April 3, 2020 - Dr. Archer's Update on COVID-19 response from the DOM and Medicine Program
COVID Update: There are 46 people with COVID-19 infection today in our region. Out of 182 COVID-19 tests at KHSC this morning there were 8 positives. Once again none of the positive tests are from the Kingston region. Thus in our community there were no new cases; but not in other communities. There remain 5 patients admitted to KGH, 4 on the Medicine’s COVID-19 unit and 1 in ICU.
Of 37 long term care facilities 10 are not accepting new referrals due to COVID-19 related issues. Thus our window for discharging Alternate Level of Care (ALC) patients from KHSC to LTC is beginning to close. Nonetheless, by end of day, we will be at 30 ALC people (an all-time low). As a result of the relocation of patients across the system we have good bed capacity in KGH (see today’s dashboard below). We now have an official discharge order set for patients who have recovered from COVID-19 and later today should have an approved standardized order set. Thanks, Drs. Sid Srivastava and Chris Smith, for creating a standardized approach to admission and discharge of these patients.
Here is a look at the progression of the COVID-19 epidemic in Canada since January 25th. As you can see we are now beginning to see a progressive rise in cases.
There are currently 11,283 COVID-19 cases in Canada and 158 people have died.
ZOOM Update “Can I keep using Zoom?”: We are all ZOOMing to our meetings these days. In the DOM we are using this for business meetings, Medical Grand Rounds and Lab Meetings (below). While any platform can be hacked (and this has happened at Queen’s) I want to pass along this reassuring message re: ZOOM security. This information from KHSC should correct some misinformation.
KHSC Information Management ZOOM SECURITY ADVISORY
Last week, security researchers identified a flaw in the Zoom application for Windows that could "expose user credentials" to an attacker. This has been widely misunderstood and misreported as Zoom leaking or allowing the capture of usernames and passwords. This flaw requires a specific set of circumstances to occur and is easily prevented through common firewall settings and appropriate use. In addition, as of April 2, 2020 9:47 PST Zoom issued a patch that corrects all the recently discovered flaws.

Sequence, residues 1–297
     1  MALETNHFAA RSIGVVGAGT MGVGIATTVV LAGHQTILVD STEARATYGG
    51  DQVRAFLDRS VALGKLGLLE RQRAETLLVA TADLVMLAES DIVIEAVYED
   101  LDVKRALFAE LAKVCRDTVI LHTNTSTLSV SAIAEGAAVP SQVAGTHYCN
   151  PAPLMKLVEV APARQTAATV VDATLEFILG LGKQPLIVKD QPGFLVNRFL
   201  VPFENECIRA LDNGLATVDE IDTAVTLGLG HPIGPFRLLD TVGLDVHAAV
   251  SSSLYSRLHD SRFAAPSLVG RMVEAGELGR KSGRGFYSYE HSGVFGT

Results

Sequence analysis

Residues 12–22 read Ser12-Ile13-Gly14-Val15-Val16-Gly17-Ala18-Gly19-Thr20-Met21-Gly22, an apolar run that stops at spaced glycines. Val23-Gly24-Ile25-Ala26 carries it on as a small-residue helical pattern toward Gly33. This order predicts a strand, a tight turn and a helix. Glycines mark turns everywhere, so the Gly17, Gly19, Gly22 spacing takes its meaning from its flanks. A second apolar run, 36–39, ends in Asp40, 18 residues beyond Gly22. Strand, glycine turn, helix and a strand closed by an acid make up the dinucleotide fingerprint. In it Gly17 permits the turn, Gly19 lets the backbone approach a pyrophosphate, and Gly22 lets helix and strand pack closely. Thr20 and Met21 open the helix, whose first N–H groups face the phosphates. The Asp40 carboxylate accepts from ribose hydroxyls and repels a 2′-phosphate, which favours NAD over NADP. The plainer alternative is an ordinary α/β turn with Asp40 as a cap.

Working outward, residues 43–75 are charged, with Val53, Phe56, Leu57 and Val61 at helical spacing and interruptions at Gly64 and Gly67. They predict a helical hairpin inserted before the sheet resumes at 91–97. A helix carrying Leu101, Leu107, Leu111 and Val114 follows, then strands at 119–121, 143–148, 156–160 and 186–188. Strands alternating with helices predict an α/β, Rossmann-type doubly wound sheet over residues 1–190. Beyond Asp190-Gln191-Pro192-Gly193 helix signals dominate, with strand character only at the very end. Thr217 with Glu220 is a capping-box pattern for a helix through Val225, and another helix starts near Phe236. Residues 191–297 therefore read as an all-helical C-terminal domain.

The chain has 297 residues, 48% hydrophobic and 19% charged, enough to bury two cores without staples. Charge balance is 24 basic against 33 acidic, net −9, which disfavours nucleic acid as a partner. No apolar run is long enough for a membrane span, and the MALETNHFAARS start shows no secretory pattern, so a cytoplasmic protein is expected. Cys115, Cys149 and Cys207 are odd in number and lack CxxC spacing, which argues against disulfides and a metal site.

What should you do in your ZOOM meetings?
- Do not share Zoom meeting links to the general public or on social media, and password protect your Zoom meetings where possible.
- If an unknown user joins your meeting, kick them out. You wouldn't let strangers into a "real world" meeting so don’t let them into ZOOM meetings. Zoom Etiquette: You should ensure your name is visible on your screen, or you may be eliminated from the meeting. To add your name, Click the 3 little dots that appear in the right upper corner of your window
- Update your Zoom software to the latest version.
Bottom line: Zoom remains approved and safe for non-clinical use at KHSC including: Town Halls, Team Meetings and patient family visits (as discussed later in this note).
Special thanks for reducing our pressure!: We had a problem. Some of the rooms on the Kidd ward 10 were under positive pressure ventilation, meaning they blow air out of the room. This is desirable if there is an immunosuppressed patient in the room but would be bad if we put a patient with COVID-19 in the room (it would blow virus out of the room). A few quick emails to the Plant Operations Team and they were able to change the Kidd 10 positive pressure rooms to neutral/slight negative pressure so we can now use them for isolation purposes for COVID patients, if needed. Thanks for great service to Gary Greene, Manager of Plant Operations and Maintenance, Brad Wood, Peter Moeslinger (Maintenance staff) and McKinley Air Balancing (Contractor).
Reuse of PPE begins today: The PPE reprocessing and sterilization program of N95 masks begins today. We can process 300 per day and have the capacity to increase as needed. Today we have begun collecting N95 and surgical masks after use by staff in biohazard bags at well-marked hospital collection points. Stay tuned for details on the bin colors and location. Please identify the bin nearest your point of work in KGH and put your mask in for recycling!
Cloth masks: These should not be used for medical care. However, they may be used for patients coming to visit the hospital and may (unproved) reduce a patient’s emission of large droplets and may improve their psychological comfort.